Successful Church Plants
There are ten common factors that successful church plants share, according to the results of a study released by the Center for Missional Research, a division of the North American Mission Board. The following factors proved to be the best predictors for higher worship attendance, as reported by christianpost.com:
Location. Church plants that start in school facilities show a distinct advantage in term of visibility, parking and low costs. In the longer term, churches that meet in movie theaters also exhibit higher attendance.
Reaching children. Special children’s events along with outreaches around holidays, and at other times, attract crowds and help churches sustain attendance.
Promotion of the church. Church plants with high attendance mail invitations for services, programs and events and to keep community awareness high.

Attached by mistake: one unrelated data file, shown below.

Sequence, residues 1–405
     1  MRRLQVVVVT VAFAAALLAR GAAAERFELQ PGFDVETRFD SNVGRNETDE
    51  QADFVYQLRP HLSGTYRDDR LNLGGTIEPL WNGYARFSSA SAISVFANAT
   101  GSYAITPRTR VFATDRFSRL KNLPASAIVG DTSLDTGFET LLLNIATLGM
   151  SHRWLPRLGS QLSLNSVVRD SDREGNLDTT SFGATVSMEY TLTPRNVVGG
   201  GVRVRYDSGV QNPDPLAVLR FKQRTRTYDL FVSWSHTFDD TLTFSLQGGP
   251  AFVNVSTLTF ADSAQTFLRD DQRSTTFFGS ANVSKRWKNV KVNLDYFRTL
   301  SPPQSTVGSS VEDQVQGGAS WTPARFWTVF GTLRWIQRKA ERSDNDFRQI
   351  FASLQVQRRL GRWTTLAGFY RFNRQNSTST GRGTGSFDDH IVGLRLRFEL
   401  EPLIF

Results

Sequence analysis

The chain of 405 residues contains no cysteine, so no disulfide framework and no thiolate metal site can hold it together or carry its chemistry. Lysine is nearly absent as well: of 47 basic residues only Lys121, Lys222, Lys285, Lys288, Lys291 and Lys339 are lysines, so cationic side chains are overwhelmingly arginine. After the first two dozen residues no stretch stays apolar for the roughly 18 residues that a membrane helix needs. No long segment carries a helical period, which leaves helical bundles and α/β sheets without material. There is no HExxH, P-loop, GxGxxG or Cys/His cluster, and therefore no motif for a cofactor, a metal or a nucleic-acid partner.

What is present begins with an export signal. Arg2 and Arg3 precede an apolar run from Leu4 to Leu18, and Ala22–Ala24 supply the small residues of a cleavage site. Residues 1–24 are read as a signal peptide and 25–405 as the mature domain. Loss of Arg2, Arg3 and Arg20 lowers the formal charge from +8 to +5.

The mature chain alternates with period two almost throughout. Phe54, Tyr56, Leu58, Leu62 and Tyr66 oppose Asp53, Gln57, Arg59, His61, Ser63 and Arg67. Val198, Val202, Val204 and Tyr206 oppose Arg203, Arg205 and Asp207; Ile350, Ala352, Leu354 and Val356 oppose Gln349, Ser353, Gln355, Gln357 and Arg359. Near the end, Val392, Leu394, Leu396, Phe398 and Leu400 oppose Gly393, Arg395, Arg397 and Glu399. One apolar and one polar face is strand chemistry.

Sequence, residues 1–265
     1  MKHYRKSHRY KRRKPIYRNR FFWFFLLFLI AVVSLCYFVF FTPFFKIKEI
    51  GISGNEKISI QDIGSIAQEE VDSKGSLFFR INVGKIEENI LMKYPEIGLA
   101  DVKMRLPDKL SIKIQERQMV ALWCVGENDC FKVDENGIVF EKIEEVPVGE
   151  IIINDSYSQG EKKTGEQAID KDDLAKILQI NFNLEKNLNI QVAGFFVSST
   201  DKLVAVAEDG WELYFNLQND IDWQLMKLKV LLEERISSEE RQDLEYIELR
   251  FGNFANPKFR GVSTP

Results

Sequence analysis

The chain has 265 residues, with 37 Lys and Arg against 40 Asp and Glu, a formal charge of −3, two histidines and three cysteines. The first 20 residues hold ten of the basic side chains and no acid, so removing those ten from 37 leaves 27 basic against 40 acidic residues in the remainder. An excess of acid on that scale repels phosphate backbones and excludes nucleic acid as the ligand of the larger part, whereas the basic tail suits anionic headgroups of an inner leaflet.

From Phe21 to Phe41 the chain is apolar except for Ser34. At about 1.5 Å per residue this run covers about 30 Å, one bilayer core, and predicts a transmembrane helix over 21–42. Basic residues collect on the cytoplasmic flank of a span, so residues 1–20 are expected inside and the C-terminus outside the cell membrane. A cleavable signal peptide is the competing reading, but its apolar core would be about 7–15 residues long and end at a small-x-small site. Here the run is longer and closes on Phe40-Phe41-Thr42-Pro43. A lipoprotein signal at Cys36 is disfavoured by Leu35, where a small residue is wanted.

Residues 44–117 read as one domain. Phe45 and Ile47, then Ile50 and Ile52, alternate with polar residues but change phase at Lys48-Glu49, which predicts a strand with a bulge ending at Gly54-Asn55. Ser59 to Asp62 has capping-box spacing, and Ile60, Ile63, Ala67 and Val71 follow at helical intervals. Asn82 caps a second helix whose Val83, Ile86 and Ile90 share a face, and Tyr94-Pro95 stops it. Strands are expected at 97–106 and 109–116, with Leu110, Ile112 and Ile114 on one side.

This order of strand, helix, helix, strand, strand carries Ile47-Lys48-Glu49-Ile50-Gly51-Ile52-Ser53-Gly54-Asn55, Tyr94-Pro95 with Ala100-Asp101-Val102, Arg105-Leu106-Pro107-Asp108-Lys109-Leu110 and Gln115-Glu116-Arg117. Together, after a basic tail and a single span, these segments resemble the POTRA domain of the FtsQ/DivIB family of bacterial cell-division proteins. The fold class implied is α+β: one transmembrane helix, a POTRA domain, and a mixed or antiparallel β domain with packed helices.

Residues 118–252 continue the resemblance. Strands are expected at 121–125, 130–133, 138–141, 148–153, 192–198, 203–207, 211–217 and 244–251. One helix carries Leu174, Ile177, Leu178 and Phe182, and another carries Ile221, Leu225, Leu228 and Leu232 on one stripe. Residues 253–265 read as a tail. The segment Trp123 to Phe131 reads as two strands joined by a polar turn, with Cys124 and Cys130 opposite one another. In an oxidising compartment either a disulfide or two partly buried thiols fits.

Training new members. Successful church plants provide training and clearly communicate that the new members participate and find a place to serve.
Mandatory church covenant for new members. New members are required to sign a church covenant as a sign that they take their commitment to the church seriously.
Intentional financial stewardship. The pastors receive financial compensation as well as health insurance, allowing them time to focus on the church’s growth and not their own basic needs.
The staff factor. The most successful church plants do not start out under-staffed and their planters are full-time. They have also assessed staff for their suitability and have multiple staff members from the start.
Not just focusing on their own needs. Successful church plants start at least one church within three years of their own plant and those who are sent out to start a new church are replaced and even more are added.
Building leadership. Church plants with higher attendance conduct leadership training, build their leadership base and delegate leadership roles to church members on an ongoing basis.
The achievement factor. Church planters have a vision of what God wants to do and remain focused on accomplishing that.
That sure sums it up. Now I’ve got a year to get to it…come along for the ride!